Weed Control 2006: Profitable Versus Pretty
by Mike Cowbrough and Greg Stewart, OMAFRA

Appearances Can Be Deceiving

Most growers are aware of the importance of timing in weed control. In fact, timing of weed control is the most important management tool that growers have to ensure crop yield losses are minimized and that weed control is adequate. Weed management strategies should aim to eliminate competition between the weeds and the corn crop while the corn is between the 3rd 8th leaf stage. With broad spectrum weed control options available right up to the 8th leaf stage, one might assume timing is less of an issue in herbicide tolerant corn.

It is speculated that more corn acres will be grown to "Roundup Ready (RR)" hybrids in 2006 and logically glyphosate, a non-selective, non residual and inexpensive herbicide will be used to manage weeds where those hybrids are planted. It is often tempting with RR hybrids to delay applications such that the majority of weeds have emerged and allow for a single application of glyphosate to provide spotless weed control. If the field has perfect weed control at harvest, surely the yield impact of weeds must have been minimal?! Not so, and a demonstration trial at the FarmSmart Farming Systems Expo in 2005 clearly illustrated the importance of timing to maximize yield, rather than maximize the level of weed control at harvest.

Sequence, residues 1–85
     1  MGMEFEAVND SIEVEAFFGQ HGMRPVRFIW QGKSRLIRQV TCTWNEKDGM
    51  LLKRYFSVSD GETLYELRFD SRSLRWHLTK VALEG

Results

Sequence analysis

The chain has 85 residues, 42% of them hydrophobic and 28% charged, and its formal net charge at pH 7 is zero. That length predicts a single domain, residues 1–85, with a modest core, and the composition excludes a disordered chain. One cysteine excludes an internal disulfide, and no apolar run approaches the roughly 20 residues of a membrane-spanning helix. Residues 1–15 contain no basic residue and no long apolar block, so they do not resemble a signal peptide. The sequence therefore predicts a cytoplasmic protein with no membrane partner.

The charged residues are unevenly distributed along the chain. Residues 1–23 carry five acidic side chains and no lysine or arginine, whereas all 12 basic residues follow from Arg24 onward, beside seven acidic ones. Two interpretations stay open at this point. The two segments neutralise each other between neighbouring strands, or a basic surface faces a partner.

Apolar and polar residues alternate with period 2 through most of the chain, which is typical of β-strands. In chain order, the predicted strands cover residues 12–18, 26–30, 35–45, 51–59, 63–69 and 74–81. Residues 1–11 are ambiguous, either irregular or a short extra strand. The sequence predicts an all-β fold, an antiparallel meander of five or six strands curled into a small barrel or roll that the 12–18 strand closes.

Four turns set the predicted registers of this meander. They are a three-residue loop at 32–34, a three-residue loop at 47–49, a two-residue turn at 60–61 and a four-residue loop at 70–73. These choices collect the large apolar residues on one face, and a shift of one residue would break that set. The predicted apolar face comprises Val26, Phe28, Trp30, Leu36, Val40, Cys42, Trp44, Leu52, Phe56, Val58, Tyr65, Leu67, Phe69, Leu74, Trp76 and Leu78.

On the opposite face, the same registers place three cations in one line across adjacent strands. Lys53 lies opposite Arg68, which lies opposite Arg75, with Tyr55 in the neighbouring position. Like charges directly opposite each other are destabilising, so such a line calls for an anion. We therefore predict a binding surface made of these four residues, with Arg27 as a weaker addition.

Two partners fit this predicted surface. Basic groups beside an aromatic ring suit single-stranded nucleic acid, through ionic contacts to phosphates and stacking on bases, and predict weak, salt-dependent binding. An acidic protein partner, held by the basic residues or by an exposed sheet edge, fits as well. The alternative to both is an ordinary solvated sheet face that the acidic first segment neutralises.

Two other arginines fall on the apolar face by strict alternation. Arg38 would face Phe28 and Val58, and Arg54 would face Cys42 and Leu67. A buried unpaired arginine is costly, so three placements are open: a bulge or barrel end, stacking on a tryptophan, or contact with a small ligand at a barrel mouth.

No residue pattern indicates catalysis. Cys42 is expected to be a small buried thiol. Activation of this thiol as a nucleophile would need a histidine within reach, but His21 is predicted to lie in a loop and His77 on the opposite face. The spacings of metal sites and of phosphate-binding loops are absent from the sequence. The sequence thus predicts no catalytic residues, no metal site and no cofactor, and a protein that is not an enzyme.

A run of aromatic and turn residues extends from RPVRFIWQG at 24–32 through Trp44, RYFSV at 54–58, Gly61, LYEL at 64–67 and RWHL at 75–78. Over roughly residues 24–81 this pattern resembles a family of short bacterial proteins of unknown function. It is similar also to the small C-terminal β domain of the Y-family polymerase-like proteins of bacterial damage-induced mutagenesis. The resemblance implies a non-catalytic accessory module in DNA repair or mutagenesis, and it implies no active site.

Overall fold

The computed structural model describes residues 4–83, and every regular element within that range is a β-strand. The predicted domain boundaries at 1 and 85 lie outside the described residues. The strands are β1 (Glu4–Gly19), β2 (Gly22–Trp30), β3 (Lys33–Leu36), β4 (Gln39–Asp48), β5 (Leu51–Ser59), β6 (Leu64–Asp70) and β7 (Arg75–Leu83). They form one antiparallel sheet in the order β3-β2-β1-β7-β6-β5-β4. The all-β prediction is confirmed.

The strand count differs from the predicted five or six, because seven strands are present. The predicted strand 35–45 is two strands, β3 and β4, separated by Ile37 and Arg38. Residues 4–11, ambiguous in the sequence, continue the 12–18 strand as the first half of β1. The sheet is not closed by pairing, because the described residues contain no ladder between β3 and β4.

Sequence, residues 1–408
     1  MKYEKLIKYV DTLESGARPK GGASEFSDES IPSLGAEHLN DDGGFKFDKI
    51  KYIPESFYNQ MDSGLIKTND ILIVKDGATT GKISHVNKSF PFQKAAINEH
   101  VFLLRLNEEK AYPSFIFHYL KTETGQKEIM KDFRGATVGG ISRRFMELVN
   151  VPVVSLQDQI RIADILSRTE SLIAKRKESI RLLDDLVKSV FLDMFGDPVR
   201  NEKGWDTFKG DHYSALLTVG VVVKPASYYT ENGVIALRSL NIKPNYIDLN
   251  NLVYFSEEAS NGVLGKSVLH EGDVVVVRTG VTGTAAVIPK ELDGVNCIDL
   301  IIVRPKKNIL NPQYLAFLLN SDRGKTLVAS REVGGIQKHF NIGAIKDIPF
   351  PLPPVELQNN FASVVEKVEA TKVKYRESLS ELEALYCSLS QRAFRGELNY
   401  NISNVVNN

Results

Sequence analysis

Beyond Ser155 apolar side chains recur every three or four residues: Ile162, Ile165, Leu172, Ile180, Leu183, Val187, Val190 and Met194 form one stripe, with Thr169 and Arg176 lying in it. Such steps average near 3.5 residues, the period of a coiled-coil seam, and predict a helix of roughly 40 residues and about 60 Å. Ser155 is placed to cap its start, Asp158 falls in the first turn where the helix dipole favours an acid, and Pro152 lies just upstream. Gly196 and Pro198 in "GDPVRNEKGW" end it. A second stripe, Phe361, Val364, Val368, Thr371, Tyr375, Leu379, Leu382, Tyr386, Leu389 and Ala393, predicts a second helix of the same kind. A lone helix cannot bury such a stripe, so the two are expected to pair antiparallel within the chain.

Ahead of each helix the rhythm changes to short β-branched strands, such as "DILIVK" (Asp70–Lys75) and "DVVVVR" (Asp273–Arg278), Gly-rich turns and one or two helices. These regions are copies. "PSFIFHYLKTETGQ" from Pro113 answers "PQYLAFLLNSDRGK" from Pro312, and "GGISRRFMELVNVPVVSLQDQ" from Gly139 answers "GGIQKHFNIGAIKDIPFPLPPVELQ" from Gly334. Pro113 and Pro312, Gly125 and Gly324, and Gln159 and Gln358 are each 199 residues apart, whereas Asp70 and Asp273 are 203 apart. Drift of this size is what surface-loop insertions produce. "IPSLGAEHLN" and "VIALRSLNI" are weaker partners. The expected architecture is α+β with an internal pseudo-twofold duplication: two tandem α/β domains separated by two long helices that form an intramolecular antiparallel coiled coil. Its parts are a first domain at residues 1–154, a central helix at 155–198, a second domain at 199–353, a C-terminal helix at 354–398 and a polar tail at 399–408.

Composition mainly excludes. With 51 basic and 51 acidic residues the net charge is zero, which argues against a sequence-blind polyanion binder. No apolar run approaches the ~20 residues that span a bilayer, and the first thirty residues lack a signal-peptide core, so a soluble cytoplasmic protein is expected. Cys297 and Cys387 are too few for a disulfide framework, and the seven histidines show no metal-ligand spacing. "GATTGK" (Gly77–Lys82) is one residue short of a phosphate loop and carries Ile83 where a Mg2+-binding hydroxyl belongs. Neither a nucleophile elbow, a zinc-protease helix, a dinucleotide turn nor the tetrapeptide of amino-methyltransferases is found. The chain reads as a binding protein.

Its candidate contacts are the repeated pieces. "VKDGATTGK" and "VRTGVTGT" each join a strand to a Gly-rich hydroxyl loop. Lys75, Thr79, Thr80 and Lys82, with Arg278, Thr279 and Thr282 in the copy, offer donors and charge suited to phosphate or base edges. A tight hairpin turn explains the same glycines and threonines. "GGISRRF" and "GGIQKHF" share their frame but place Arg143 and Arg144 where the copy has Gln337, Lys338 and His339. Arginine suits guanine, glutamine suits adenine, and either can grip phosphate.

fig 1

Key Findings:
* Keeping a corn crop weed-free during the critical period (Le. 3 to 8 leaf stage of corn) resulted in the highest yield
* It is better to err on the side of being too early than too late
* To minimize weed seed return, glyphosate may need to be tank-mixed with a residual herbicide (Le. atrazine or Marksman) or applied twice
* A clean field at harvest did not equate to the highest yielding treatment

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